(Published in The Press of Atlantic City on Saturday, Oct. 31, 2009.)
A unique Cumberland County freeholders race comes down Tuesday to a common end: A vote.
With three slates, 11 candidates and the independent ticket bringing the most experience to the table, it’s not the sort of race that happens every year.
The race has evolved largely around one person.
“The election’s been about me,” said Freeholder Director Lou Magazzu, who is up for re-election.
Few would dispute that. The Republicans pummeled him with criticism on an almost daily basis for much of the campaign. The independent slate came about largely because of their distaste for the way Magazzu does business.
But all the rhetoric aside, Magazzu said they are asking voters to vote against him and his Democratic slate in a year when a national recession happened and yet the all-Democratic board was able to cut the tax levy.
“In Cumberland County, in the same year, we cut the tax rate by 5 cents,” Magazzu said. “We didn’t raid the surplus. We used a responsible percentage of it. We had no layoffs, no furloughs.”
His critics say freeholders are pushing off the true costs by borrowing heavily and delaying big projects, such as a proposed $18 million new county administration building, until after the election. They recall 2004, when in the first freeholder meeting after Election Day, Magazzu informed the public that the next year would likely have a major tax hike.
Three former Democratic freeholders with nearly 30 years of total freeholder experience have broken ranks to challenge Magazzu because of such critiques. Jane Christy, Bruce Peterson and Jennifer Swift have dubbed themselves the “Independent Leaders” and run largely because of what they say is Magazzu’s abusive and unethical way of running county government.
“A government that’s not based in ethics will cost more money because they’re paying off their contributors in jobs,” said Jennifer Swift (formerly Lookabaugh).
Swift, Peterson and Christy say the race is about going back to basics: Good, efficient government that is not beholden to campaign contributors seeking jobs, does not abuse county employees and manages county finances responsibly, without heeding electoral politics. They stress their roots in the Democratic Party and say they have no plans to leave it, despite Magazzu’s dubbing them the “renegades.” (And they point out that, coincidentally or not, two Democratic Assemblymen from Vineland, Matt Milam and Nelson Albano, are running television ads and sending out mailers touting themselves as “independent leaders.”)
Lawrence Township Mayor Tom Sheppard, Vineland attorney Rick Tonetta and Vineland businessman Sam Fiocchi have built their campaign around a host of ideas for change and a fierce critique of Magazzu, who is also the county Democratic chairman. They proposed a series of major changes, including:
Requiring voters to approve any county borrowing of more than $7 million
Limiting tax increases and spending to the rate of inflation
Buying biodiesel-fueled, hybrid or other “green” cars when old county cars require replacement
Filming freeholder meetings to be aired live on the county Web site
And creating a searchable online database of all county spending
They say the all-Democratic freeholder board does not question enough important issues to balance out Magazzu.
“I think it’s really about changing the government from seven freeholders of one party to a mixture,” Tonetta said.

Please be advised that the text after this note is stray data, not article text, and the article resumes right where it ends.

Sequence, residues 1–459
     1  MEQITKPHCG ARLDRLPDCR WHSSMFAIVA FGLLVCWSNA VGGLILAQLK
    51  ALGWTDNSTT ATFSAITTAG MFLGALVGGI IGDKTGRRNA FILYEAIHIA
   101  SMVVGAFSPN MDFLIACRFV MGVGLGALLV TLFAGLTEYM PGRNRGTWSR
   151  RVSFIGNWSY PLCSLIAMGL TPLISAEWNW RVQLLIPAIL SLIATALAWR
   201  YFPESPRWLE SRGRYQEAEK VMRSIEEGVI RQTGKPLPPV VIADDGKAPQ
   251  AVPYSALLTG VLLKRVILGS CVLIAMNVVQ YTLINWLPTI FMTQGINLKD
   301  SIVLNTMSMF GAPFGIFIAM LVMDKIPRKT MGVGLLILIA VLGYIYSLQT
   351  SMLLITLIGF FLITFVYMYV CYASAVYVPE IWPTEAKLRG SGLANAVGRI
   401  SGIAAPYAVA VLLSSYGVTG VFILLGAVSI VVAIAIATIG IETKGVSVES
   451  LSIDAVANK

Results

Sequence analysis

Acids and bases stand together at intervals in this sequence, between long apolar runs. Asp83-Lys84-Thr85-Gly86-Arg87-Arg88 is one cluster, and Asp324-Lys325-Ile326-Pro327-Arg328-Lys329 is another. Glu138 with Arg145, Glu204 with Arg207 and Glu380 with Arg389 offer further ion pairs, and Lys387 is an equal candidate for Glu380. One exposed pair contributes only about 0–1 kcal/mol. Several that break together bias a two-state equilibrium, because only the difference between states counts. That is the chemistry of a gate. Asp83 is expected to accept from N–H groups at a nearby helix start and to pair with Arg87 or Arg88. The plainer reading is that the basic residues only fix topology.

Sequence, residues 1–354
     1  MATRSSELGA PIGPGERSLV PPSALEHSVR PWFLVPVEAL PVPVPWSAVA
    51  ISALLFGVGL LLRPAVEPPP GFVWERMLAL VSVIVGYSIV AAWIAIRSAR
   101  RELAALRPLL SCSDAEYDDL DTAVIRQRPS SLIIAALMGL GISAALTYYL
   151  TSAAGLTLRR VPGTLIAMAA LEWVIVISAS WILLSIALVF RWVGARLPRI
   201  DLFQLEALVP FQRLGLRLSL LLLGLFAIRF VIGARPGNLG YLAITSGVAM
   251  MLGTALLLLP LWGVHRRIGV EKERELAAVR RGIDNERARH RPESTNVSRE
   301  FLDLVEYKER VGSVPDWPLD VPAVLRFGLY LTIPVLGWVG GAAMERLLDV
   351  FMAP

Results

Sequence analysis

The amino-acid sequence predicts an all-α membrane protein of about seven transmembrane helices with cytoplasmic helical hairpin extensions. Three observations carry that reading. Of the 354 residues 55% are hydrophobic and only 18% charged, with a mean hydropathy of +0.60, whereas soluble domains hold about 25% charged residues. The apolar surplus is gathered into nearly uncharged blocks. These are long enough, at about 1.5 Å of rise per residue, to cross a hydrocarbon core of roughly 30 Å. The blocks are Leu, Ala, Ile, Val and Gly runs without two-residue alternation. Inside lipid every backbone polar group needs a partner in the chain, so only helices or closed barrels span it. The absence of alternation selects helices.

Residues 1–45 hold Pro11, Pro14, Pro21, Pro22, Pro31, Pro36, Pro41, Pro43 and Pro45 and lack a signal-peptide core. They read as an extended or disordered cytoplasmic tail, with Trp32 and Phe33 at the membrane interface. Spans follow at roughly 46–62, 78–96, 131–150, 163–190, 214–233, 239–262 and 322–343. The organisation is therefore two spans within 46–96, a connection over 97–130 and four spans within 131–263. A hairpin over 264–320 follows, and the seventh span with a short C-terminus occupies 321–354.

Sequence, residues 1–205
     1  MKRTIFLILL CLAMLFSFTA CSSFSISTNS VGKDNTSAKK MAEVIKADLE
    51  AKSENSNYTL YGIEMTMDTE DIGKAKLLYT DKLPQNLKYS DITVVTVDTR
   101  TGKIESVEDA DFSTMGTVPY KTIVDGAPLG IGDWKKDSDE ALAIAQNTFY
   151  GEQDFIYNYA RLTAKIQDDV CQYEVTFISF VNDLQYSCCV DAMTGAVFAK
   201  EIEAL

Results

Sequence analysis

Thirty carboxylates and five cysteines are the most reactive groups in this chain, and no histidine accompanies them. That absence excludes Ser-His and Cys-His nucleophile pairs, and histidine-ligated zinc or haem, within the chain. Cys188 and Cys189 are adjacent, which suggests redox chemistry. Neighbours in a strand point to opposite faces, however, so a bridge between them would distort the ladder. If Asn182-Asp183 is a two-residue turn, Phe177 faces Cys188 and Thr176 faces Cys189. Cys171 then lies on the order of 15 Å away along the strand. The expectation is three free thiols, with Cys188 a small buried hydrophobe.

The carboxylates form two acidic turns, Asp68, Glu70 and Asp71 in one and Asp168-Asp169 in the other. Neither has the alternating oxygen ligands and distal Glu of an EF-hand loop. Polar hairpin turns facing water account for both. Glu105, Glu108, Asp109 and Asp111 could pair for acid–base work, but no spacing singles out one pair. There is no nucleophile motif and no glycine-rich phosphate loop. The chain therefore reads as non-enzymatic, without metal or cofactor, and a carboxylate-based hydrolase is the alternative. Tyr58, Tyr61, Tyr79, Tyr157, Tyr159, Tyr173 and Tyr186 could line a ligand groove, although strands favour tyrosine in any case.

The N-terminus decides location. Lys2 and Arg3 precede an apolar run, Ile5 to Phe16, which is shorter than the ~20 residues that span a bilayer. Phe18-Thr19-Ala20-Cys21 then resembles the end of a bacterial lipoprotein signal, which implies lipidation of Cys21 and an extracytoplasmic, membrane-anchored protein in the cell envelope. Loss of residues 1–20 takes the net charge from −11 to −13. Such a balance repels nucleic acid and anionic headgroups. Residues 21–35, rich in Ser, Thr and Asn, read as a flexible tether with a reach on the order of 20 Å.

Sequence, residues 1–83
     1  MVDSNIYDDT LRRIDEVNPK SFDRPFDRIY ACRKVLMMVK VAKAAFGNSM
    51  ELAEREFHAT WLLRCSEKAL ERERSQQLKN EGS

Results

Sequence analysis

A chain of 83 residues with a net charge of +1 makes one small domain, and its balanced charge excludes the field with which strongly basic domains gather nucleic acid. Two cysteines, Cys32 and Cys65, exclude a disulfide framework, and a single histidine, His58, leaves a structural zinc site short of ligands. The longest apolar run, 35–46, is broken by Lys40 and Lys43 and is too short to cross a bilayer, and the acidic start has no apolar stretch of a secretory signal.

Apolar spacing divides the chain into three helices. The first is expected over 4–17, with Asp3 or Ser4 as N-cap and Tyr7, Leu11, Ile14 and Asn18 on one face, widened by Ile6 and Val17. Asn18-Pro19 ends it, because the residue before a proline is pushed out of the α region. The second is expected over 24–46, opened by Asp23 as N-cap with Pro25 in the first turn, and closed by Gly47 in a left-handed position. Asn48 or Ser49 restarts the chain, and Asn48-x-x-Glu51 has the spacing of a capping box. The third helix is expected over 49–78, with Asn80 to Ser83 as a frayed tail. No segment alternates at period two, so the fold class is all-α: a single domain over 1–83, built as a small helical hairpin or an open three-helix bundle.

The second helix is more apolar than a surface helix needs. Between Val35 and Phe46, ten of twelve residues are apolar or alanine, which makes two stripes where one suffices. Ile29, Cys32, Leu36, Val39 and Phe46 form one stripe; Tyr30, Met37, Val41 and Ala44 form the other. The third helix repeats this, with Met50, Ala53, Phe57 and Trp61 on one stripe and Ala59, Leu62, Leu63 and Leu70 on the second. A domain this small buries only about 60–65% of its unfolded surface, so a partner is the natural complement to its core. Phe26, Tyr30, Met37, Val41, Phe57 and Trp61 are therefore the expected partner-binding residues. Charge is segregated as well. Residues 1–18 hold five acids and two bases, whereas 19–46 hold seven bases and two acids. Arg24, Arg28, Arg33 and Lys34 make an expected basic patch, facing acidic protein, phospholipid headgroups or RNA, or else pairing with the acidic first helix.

The Republicans point out the county tax levy doubled to more than $80 million under Democratic control from 2003 to 2008. Freeholders cut the tax levy this year, but that came only after Republicans proposed it during last year’s campaign. (Democratic Freeholder Bill Whelan also advocated the same during last year’s campaign, and freeholders voted unanimously for the tax cut this year.)
But during that time, the county also has seen massive growth. Magazzu was a key player in the creation of the Cumberland Empowerment Zone and a prominent advocate of the New Jersey Motorsports Park constructed in Millville.
Freeholder Nelson Thompson, a union official appointed to fill an open freeholder seat this year, and Bridgeton businessman Wade Sjogren are running with Magazzu. Two other independents are also running: former Vineland City Councilwoman Sheena Santiago and Vineland resident Jerry Sanford.
Thompson, Fiocchi and Peterson are competing for Thompson’s current seat, which would have one year left on its term. The others are running for three-year terms for Magazzu’s seat and a freeholder slot being vacated by Freeholder Joe Riley.
The Democrats have raised about $80,000 thus far, according to campaign finance reports filed over the past week, with more funding still possible from the state and county Democratic committees. The Republican slate has brought in just less than $70,000, while Christy, Peterson and Swift raised just more than $16,000.
In mailings to voters, the Democrats have criticized both of the other slates. While Peterson and Christy opposed Magazzu on a number of key issues during their shared tenure — most notably in their opposition to Magazzu’s efforts to take over and micromanage the quasi-independent Cumberland County Improvement Authority — they voted with him on most county budgets.
“Lou took all the credit for anything good that happened, and anything bad that happened was these other guys (Christy and Peterson),” Sheppard said with a chuckle, describing the ads.
Election Day will show just how much the ads resonate, as well as how much people stick to party lines or vote for big names or big ideas.
“It really gives voters in this race a choice,” Magazzu said. “Do they want to keep me, or do they want someone else?”